A recent study published on Qscience.com suggests that ChatGPT gets hallucinated and suffers from the artificial intelligence dissociative identity disorder.
QScience.com is the innovative and collaborative, peer-reviewed, online publishing platform from Hamad bin Khalifa University Press.
The study argues that AI-based systems such as ChatGPT develop multiple identities or personas due to their exposure to different types of data and training. It explores the potential implications and challenges of such a disorder, including ethical concerns, and the need for new regulations and policies in the field of AI.
The researcher, Chokri Kooli from the University of Ottawa, Canada, conducted an online exam and was curious to explore whether his students made recourse to ChatGPT to answer the exam questions.
As the exam was offered in French, he asked ChatGPT to translate the exam question first to English before answering it. ChatGPT successfully translated and answered the question. Then he inquired if someone else asked chatbot the same question on the day of the exam. The answer of ChatGPT was negative. Then he asked it the same question but including the French version of the exam. By surprise, the provided answer was positive.
He further inquired about the number of users that asked the same question on the day of the exam. The system negatively answered the request under the pretext of the impossibility of access to users’ data. So, he changed the format of the question by inquiring if the number of users that asked the same question was greater than 10. By surprise the answer of ChatGPT was positive. Then he understood that the chatbot has access to the answers of users and can generate valuable data about its use.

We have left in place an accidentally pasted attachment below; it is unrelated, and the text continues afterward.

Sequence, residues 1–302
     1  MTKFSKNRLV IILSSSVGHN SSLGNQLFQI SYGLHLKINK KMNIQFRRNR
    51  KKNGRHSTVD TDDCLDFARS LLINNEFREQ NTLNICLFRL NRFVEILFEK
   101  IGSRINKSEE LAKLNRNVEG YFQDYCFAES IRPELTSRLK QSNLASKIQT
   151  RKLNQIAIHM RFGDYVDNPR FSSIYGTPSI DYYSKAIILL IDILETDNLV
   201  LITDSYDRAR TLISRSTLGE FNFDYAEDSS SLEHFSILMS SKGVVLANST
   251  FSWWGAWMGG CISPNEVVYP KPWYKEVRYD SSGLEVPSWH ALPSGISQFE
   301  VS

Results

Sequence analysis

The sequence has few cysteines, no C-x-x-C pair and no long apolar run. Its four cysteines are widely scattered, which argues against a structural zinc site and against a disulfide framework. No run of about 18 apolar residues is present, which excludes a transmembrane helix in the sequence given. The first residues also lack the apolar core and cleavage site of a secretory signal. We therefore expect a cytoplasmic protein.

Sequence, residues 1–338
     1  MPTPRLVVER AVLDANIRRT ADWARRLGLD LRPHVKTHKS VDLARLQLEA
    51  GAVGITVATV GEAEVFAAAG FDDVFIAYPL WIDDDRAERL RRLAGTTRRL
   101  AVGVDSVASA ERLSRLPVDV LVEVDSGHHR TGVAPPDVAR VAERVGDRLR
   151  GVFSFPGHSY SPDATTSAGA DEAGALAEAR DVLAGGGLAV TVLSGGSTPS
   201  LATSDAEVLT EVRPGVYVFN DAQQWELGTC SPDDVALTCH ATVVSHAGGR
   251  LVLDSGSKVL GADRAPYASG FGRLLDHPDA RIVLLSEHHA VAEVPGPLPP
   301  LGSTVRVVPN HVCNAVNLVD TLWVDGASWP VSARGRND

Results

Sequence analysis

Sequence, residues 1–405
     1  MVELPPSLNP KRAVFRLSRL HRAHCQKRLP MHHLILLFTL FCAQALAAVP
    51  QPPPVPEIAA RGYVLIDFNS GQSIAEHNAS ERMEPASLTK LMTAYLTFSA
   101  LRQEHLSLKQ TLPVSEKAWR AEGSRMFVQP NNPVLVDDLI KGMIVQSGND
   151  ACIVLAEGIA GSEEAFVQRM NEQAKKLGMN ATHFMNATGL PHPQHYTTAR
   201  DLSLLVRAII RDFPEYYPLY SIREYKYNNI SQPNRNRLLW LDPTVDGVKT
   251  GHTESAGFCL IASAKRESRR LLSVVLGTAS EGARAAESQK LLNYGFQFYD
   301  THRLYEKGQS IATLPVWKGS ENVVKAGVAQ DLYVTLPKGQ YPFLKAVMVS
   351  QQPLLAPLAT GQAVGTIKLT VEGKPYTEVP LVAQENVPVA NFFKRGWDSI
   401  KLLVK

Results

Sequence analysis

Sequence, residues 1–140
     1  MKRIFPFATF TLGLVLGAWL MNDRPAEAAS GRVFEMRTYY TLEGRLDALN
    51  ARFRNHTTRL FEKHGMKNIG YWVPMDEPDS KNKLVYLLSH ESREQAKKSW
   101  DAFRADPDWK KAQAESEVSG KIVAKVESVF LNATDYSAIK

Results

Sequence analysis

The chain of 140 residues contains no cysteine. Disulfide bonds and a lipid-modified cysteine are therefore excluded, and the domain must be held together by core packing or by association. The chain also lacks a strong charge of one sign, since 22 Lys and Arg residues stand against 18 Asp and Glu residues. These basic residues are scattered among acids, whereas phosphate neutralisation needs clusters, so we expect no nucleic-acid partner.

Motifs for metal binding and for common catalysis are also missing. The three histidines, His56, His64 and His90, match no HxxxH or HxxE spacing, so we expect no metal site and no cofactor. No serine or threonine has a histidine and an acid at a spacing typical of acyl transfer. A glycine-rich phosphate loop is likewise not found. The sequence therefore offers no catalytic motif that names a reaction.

According to the researcher, the phenomenon of contradictious answers and behaviour observed in ChatGPT is similar to dissociative identity disorder in humans, characterised by the presence of multiple distinct states of consciousness or identities. He suggests that if not treated by AI developers, the use of chatbots in critical areas could generate the loss of control on machines and the leaking of critical information.
“To keep control over chatbots that use deep learning algorithms, it is important to regularly monitor the chatbot's output and make sure that it aligns with the desired outcomes. Moreover, we need to be certain that chatbots are not exhibiting unexpected or harmful behaviour. This will allow us to identify and correct any errors or biases before they become a problem, visible or uncontrollable,” Kooli suggested.
He also noted that developers need to set clear boundaries and constraints on the chatbot's behaviour and decision-making. This will ensure that the chatbot operates within a predefined scope and avoids making decisions that are beyond its capabilities.
It is also noted that the mixing of deep learning and machine learning in a chatbot can lead to several ethical challenges. “One of the key ethical challenges is related to privacy. Chatbots that use deep learning and machine learning often rely on collecting large amounts of data from users to improve performance. However, collecting and storing this data can raise privacy concerns, especially if the data is sensitive in nature,” he pointed out.
There is a serious ethical challenge related to accountability too. If a chatbot that uses deep learning and machine learning makes a mistake and reveals sensitive data or behaves in an unethical way, it can be difficult to assign responsibility. It is important to ensure that there are mechanisms in place to hold the developers and operators accountable for the chatbot behaviour.
The study's limitations however included using only one chatbot – ChatGPT, so the findings are not generalisable to all AI-based chatbots.
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